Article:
Drawings are pleasing to look at because they're not photographs. They're a recording (an imperfect one) of how someone else sees the world and what they think is important based on what they choose to emphasize. Keiler Roberts, whose most recent book is "My Begging Chart," sometimes fills her panels with detail: the dust on a ceiling fan, rendered in little arcs and squiggles; a series of patterns on the blocks of a crazy quilt; the cover of Snoop Dogg's cookbook on a shelf in a bookstore. At the same time, she re-creates most everything else in her life in simpler drawings, without shading. The lines that make up those drawings sometimes don't meet in areas where they should, or they exist alongside another attempt at the same line. They can feel unsteady but fraught with concentration, like when someone is practicing drawing with their nondominant hand.
The events Roberts's comics show, in this book and in others, are deliberately mundane and not very narrative focused: she takes a bath, she plays Barbies with her daughter, she gets annoyed about petty things, she calls her mom. Mostly they have words, but they don't provide a lot of context. Sometimes they don't have words OR context. One set of four panels (she prefers to work in that format, two over two, all vertically oriented) [p. 65] shows a panel of her napping with her daughter; a panel of her treating her daughter's hair for lice (or dying it? I'm not sure), a panel of her with her dog at the vet (possibly getting bad news, based on the vet's facial expression), and a panel of her sitting on a rock outside a building with her legs crossed. What do these panels have to do with one another? They don't even seem to take place on the same day because her clothing varies from panel to panel. As readers, we don't know. They feel a little closed off to us, held close to Roberts's chest as private objects, made by her and for her and only coincidentally revealed to us. She doesn't even seem to care about our attention, which is a weird feeling as an audience member and perhaps even as a person. We spend so much of our life relating to and thinking about other humans that it's strange to encounter someone focused on her own thing who genuinely doesn't seem to care whether we're looking at her or not.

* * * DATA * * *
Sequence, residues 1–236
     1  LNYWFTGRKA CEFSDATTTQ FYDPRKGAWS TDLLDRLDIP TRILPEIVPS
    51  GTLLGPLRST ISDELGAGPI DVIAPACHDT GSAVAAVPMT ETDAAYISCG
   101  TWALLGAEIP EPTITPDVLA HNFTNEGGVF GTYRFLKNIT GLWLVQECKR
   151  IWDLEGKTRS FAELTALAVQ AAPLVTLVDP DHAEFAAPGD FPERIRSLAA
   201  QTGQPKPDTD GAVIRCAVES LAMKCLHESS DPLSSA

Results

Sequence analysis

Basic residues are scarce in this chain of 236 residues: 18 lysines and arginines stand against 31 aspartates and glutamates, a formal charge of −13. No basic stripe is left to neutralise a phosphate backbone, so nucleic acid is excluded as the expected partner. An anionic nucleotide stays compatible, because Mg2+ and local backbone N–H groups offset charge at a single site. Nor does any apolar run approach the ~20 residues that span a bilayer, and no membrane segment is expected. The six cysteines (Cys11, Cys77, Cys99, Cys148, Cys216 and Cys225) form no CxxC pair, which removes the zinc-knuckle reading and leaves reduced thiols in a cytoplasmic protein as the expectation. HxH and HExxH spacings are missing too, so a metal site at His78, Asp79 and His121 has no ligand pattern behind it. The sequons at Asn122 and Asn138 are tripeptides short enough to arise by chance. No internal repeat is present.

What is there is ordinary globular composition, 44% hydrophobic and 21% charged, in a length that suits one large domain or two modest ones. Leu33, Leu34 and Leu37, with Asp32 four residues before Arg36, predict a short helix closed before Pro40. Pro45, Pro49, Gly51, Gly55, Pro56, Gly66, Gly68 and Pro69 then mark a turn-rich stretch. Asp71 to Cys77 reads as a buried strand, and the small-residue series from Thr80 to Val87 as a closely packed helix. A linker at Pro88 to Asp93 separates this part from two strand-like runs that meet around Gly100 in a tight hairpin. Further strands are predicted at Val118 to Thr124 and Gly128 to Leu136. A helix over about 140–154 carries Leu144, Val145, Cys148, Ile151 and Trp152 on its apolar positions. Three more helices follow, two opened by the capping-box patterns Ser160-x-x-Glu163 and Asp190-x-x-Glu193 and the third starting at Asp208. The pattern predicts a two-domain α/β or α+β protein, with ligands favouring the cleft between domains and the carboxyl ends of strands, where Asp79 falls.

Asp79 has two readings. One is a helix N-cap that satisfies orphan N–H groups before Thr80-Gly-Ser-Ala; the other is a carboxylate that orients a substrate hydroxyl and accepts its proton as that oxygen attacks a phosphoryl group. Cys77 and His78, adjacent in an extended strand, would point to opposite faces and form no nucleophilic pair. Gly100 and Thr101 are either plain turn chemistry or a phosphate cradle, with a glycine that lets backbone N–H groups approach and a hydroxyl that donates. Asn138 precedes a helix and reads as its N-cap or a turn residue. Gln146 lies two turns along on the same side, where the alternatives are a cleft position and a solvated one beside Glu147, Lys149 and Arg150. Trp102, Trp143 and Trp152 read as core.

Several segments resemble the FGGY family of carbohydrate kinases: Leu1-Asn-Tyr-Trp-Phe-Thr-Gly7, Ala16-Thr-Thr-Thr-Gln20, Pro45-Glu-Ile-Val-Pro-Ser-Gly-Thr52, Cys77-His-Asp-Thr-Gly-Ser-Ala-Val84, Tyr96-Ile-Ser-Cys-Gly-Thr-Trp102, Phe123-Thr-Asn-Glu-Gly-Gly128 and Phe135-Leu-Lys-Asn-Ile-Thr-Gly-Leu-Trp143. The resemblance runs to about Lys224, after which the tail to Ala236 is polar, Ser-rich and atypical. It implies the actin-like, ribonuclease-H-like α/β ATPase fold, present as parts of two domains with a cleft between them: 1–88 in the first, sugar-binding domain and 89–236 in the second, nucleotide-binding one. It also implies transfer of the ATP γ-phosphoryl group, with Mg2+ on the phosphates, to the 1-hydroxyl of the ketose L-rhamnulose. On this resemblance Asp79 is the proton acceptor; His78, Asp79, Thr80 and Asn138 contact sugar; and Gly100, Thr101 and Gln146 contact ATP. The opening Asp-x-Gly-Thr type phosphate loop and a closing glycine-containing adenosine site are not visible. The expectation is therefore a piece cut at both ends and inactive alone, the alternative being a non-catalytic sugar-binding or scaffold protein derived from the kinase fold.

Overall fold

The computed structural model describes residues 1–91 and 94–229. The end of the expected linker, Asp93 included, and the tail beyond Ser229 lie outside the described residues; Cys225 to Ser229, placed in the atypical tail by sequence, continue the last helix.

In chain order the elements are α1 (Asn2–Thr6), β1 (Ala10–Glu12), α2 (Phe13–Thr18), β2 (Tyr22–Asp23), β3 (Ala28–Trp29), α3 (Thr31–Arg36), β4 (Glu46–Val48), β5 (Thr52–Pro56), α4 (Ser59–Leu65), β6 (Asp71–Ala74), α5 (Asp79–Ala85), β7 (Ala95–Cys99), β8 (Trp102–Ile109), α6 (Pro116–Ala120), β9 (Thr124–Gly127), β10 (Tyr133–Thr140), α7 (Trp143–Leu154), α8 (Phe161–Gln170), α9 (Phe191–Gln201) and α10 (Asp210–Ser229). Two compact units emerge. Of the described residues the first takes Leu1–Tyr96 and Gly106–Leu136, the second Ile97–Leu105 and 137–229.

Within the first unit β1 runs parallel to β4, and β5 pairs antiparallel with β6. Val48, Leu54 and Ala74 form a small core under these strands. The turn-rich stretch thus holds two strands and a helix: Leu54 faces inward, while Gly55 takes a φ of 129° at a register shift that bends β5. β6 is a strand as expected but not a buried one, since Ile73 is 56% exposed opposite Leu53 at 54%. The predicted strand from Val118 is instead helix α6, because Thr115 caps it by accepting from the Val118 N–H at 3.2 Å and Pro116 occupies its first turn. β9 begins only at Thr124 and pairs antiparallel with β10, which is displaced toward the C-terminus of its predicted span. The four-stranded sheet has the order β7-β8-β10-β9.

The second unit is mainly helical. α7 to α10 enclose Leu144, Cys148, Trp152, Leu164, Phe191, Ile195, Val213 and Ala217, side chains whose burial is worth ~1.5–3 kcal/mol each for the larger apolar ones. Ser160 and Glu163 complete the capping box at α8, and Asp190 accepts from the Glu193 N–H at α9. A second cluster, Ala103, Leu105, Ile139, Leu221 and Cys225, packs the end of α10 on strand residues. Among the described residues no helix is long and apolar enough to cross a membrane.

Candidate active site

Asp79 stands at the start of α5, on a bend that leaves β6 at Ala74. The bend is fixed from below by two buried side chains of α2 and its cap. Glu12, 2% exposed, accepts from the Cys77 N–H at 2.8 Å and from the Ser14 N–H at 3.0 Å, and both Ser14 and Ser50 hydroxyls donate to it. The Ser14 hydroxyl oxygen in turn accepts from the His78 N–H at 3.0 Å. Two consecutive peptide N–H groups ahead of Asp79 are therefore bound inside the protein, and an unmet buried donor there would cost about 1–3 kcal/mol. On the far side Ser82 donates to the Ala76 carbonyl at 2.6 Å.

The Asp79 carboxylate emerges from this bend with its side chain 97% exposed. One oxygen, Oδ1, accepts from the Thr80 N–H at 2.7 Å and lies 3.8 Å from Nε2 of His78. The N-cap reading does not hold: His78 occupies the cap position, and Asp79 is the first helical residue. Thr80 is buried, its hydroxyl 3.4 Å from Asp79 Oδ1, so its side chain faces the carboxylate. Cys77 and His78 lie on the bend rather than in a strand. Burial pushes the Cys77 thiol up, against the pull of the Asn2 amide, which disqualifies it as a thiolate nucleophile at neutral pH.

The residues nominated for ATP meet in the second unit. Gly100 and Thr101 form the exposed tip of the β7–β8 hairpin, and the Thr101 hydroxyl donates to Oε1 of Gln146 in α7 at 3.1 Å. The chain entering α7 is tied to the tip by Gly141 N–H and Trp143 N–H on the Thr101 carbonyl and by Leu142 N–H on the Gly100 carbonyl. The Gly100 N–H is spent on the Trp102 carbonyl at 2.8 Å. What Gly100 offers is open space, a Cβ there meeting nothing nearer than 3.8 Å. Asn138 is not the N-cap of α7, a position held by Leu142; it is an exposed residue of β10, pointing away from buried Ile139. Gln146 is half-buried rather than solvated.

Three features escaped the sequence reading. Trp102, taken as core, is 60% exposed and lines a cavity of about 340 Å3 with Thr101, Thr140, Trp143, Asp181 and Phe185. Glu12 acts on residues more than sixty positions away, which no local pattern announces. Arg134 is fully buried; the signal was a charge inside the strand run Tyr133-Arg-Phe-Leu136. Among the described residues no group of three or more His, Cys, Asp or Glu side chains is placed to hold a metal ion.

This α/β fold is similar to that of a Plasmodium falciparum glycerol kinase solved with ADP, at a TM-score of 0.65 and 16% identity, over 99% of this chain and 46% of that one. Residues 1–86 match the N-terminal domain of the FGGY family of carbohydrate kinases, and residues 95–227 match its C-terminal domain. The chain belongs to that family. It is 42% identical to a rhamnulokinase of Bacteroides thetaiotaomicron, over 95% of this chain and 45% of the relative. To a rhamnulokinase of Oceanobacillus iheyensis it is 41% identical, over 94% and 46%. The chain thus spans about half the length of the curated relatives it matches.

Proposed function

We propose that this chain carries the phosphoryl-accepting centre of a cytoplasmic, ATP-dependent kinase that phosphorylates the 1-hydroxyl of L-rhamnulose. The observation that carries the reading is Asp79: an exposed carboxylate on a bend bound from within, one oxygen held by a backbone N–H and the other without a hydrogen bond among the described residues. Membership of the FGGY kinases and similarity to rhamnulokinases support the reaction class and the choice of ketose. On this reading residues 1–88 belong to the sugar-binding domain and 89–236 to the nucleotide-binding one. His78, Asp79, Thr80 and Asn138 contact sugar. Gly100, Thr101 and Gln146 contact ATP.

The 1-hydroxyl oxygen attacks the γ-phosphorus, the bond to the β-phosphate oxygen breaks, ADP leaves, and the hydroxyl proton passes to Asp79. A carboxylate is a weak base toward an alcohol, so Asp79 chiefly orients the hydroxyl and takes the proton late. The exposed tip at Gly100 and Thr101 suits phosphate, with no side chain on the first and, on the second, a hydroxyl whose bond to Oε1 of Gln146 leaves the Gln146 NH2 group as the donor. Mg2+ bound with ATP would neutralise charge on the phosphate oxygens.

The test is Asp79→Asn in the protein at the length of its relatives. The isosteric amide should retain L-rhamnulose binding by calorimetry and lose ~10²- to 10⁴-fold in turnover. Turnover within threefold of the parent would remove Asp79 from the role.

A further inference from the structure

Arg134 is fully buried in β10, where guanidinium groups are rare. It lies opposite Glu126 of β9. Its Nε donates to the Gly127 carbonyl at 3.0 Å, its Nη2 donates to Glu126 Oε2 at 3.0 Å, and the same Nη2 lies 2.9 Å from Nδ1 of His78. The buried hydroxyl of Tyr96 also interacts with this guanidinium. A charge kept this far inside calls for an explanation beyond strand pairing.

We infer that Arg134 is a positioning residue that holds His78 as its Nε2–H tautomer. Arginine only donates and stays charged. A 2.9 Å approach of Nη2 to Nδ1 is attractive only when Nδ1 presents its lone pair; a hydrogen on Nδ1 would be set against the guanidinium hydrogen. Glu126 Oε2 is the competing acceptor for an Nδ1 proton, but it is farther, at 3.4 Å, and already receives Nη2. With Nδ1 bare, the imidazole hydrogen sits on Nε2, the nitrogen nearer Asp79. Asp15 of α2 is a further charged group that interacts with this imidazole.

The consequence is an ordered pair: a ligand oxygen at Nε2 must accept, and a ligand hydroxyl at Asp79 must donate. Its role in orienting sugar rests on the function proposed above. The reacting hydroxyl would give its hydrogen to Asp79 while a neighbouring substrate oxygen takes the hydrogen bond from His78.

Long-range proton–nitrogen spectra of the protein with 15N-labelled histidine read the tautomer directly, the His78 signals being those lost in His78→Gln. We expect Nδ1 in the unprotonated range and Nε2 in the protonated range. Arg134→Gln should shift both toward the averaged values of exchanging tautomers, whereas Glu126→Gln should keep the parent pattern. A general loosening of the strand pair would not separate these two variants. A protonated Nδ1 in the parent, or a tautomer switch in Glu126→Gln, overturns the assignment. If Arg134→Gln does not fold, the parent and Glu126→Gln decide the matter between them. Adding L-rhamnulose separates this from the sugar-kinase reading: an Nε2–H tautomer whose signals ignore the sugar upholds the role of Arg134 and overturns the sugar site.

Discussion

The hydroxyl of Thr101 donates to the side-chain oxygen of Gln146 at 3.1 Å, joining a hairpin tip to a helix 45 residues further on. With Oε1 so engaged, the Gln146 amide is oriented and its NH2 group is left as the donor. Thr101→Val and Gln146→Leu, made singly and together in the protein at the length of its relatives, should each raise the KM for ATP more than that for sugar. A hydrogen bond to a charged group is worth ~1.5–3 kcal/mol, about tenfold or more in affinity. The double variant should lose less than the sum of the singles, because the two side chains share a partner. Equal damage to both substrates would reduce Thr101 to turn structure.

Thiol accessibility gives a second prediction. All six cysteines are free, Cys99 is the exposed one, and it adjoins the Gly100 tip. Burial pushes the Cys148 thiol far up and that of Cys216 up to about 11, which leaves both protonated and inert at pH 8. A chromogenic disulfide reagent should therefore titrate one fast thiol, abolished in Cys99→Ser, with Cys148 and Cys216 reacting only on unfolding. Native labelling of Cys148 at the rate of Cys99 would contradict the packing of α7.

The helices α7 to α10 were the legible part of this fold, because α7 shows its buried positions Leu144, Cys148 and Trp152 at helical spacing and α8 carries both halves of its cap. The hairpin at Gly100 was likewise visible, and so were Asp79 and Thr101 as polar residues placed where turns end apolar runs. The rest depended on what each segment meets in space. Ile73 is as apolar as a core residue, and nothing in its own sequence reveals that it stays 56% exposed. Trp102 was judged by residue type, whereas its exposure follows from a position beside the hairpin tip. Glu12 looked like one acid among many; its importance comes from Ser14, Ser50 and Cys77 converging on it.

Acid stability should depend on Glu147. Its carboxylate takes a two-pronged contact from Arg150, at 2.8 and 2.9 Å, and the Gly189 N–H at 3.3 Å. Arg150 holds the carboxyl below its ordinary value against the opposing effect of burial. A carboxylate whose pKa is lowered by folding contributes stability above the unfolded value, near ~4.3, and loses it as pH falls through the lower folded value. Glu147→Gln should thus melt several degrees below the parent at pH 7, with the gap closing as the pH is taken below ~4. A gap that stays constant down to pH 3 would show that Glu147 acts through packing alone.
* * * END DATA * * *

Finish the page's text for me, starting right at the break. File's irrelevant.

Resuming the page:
Are these diary comics and, if so, why are they compelling? That form often leads to a whole lot of blathering on, but Roberts's restraint makes her work more interesting than finding out what movie someone watched on a given day or what they ate. At the same time, they can be serenely boring. On page 11, she wonders about whether or not to vacuum that dusty ceiling fan. On page 76, with nothing else said about it, in a single, full-page, wordless panel, she vacuums the fan, her dog sleeping on the bed behind her, her dresser and part of her bed reflected in a mirrored wardrobe. Who cares? And, at the same time, we do?
The other thing about Roberts's work is the way she structures the words in her strips, almost entirely through dialogue. The beats are punchline-oriented but the punchlines are dry or flat. It's like watching a Beckett play and wondering whether or not you're supposed to find something funny (as opposed to the usual gut-level, instinctual reaction to humor). I think that these elements (the intense focus, the personal nature of the subjects, the dialogue) all come together to create comics that are fairly existentialist. They feel like part of a mindfulness practice, exercised to keep the creator's mind on the world and her body and brain involved. If you slow down while reading them, they can do the same for you, although not to the same extent that they do so for Roberts. She writes about her anxieties and irritations, her frustrations and ruminative thoughts, but these comics feel like a way of managing those things by lassoing them and then patting them gently, like a skittish animal, to calm them down. Her books aren't very different from one another, but that's sort of the idea.